Although the concept of green ports is emerging as a necessary infrastructure solution for ports worldwide, India has to first step up its levels of cargo handling efficiency and logistics connectivity with the hinterland before it can match international standards in the 'greening' processes. Jitendra Abhani and Hanika Jethani explain why improvements to existing systems is more fundamental to efficiency for Indian ports than to leapfrog to green technology, equipment and processes.
The Indian economy saw a phenomenal growth from 2004 to 2008 when the annual GDP growth rate ranged of 8-9 per cent. Capacity expansion at ports helped the economy to sustain this level of growth. However, the recent slowdown in the economy (to around 5 per cent) combined with regulations on mining, etc, has impacted the traffic being handled at various ports. The overall growth in traffic has slowed down.
In view of the increasing competition, improving efficiency of operations can effectively increase the hinterland that can be targeted. An efficiently operated port can attract users from farther distances as the savings from gains in efficiency offsets the last mile transportation cost to/from the port. Some industries [names withheld by authors] located in southern Gujarat that preferred Jawaharlal Nehru Port Trust (JNPT) for their container import/export earlier have over the past few years shifted to Mundra Port which is located at around double the distance as compared to JNPT. Mundra Port could attract this traffic by offering higher liner availability and better turnaround time despite having higher tariff.
Operational factors in efficiency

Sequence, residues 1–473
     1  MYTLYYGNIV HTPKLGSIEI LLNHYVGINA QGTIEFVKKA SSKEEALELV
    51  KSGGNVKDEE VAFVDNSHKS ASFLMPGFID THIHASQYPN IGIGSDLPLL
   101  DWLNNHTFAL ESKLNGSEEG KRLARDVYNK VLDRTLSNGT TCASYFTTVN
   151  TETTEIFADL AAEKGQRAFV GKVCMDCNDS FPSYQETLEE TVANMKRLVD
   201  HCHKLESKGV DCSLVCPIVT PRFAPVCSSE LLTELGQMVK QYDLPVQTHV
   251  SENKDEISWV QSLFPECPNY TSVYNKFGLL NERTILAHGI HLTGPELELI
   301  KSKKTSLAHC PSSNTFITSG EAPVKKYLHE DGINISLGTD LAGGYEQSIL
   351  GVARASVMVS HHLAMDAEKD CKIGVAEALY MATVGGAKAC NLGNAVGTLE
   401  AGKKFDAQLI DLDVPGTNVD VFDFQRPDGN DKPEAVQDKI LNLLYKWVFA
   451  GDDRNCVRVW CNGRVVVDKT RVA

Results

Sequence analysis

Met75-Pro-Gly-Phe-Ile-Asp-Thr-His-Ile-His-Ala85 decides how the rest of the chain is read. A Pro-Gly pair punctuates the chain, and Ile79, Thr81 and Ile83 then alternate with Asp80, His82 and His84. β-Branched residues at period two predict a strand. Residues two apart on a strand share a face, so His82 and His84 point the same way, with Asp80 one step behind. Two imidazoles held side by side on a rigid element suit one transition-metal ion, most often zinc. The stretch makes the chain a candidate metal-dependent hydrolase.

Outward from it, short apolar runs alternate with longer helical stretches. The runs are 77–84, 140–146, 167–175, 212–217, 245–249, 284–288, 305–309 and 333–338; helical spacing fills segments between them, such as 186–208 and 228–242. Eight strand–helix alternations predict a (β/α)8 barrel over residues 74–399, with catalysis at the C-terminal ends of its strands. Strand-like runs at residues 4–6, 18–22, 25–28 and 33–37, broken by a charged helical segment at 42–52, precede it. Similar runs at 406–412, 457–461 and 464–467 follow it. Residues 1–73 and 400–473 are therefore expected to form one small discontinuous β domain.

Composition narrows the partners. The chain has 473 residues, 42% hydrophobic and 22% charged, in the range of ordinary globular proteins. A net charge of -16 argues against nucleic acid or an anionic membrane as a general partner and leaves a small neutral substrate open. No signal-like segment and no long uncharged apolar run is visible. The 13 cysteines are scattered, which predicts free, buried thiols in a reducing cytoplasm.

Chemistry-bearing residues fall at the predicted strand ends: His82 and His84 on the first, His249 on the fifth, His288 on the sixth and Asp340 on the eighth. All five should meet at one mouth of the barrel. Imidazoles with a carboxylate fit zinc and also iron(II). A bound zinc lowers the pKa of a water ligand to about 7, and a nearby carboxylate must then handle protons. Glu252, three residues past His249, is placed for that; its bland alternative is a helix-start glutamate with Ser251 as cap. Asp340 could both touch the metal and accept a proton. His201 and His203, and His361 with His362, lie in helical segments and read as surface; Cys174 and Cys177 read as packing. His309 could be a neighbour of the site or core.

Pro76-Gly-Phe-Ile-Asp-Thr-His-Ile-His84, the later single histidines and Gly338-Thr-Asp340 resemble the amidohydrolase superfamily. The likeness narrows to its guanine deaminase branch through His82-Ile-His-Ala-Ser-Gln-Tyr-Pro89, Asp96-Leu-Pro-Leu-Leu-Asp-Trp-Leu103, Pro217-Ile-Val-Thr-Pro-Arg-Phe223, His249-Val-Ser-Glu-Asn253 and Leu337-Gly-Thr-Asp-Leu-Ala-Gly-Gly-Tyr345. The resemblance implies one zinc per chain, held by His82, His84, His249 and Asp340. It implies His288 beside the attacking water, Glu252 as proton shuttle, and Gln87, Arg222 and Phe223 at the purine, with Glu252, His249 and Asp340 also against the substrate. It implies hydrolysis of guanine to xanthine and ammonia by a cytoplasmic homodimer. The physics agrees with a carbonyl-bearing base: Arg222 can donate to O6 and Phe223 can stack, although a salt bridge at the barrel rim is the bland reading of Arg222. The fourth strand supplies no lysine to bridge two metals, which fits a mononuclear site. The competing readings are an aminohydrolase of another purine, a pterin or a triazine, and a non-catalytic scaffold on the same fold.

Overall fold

Port infrastructure in India suffers deficiencies on several parameters, which can be categorised into two major heads: (i) Physical/direct operation factors and (ii) Procedural/indirect operation factors. A comparative analysis reveals that efficiency from direct operation factors is lagging far behind that of leading international ports.
Because of draft restrictions, some of the ports cannot allow the direct berthing of gearless vessels, ie, Panamax and Post-Panamax vessels. Difference in freight for Handymax and Panamax/Post-Panamax vessels, range between $2 and $7 per tonne of cargo, which may translate into freight saving to the trade in the range of Rs 0.60-2.10 crore for a Panamax vessel with 75,000 DWT. The impact on logistics spends for the industry on this front is estimated to be upwards of Rs 7,000 crore per annum.
Evacuation of port traffic and port connectivity are the other areas where India lags behind ports in developed countries. Indian ports face the problem of limited storage space coupled with regulated low storage charges, ultimately affecting the ports' overall efficiency. Evacuation efficiency is also hurt by constrained rail connectivity as well as limited rake availability. All these deficiencies get translated into financial losses and greater turnaround time.
Apart from efficiency driven by quality of physical infrastructure, efficiency is also a function of systems and processes for documentation, duty payment, customs clearance, support activities like cargo inspection, testing and laboratory activities, etc. If these activities, though small and requiring low investment, are performed inefficiently, they may have big bearing on the overall port efficiency. Hence, deficiencies of partial implementation of IT systems and services, and creating robust structure for all such support activities is also as important as creating high investment infrastructure like dredging, equipment, berths, etc.